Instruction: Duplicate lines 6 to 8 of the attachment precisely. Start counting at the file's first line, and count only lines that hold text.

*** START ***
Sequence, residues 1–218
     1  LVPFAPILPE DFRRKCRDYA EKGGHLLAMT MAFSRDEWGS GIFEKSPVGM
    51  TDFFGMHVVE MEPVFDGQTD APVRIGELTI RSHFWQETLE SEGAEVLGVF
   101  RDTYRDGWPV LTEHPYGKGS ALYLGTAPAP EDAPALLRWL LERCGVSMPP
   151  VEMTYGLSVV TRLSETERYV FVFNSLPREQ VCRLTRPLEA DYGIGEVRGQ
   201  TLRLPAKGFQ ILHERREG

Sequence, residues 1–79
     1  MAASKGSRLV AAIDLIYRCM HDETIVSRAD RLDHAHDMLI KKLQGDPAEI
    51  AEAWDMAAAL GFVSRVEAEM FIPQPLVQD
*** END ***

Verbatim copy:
   201  TLRLPAKGFQ ILHERREG

Sequence, residues 1–79
     1  MAASKGSRLV AAIDLIYRCM HDETIVSRAD RLDHAHDMLI KKLQGDPAEI